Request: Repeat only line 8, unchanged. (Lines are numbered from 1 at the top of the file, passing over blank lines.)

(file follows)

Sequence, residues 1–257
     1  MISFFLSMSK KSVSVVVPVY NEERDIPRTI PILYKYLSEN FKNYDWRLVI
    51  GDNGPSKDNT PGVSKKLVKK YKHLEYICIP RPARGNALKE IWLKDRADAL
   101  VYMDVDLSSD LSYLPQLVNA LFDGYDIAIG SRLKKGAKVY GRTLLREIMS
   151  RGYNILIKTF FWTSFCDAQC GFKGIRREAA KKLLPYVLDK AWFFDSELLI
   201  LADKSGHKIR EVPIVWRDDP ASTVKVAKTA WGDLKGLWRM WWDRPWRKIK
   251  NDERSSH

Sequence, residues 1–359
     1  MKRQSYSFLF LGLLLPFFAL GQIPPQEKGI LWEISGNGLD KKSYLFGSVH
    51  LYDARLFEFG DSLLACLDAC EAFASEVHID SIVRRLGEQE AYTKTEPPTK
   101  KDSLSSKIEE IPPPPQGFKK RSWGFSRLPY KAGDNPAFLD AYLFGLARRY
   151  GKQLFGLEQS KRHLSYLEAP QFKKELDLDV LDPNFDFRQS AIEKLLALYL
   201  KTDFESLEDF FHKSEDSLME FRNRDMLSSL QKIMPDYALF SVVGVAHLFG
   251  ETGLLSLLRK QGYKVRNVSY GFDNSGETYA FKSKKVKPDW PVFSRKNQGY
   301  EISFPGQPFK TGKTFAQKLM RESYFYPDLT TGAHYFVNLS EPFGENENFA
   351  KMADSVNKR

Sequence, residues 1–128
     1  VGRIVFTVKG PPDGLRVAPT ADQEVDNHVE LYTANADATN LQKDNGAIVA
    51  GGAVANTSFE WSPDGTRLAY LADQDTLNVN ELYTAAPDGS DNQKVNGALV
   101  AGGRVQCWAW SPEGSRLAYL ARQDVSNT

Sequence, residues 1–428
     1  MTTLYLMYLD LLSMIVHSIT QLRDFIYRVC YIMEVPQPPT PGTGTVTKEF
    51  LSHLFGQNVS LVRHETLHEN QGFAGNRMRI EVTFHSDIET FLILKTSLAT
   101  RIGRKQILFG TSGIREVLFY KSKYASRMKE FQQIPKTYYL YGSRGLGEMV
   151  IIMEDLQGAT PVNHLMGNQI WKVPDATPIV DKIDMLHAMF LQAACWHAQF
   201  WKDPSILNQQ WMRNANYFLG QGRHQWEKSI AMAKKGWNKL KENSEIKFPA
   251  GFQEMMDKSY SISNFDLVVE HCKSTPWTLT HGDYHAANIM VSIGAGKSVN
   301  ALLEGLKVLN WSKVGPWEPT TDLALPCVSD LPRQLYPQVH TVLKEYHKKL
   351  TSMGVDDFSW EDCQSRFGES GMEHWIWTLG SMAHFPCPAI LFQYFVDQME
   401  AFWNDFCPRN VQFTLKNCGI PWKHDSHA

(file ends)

Sequence, residues 1–359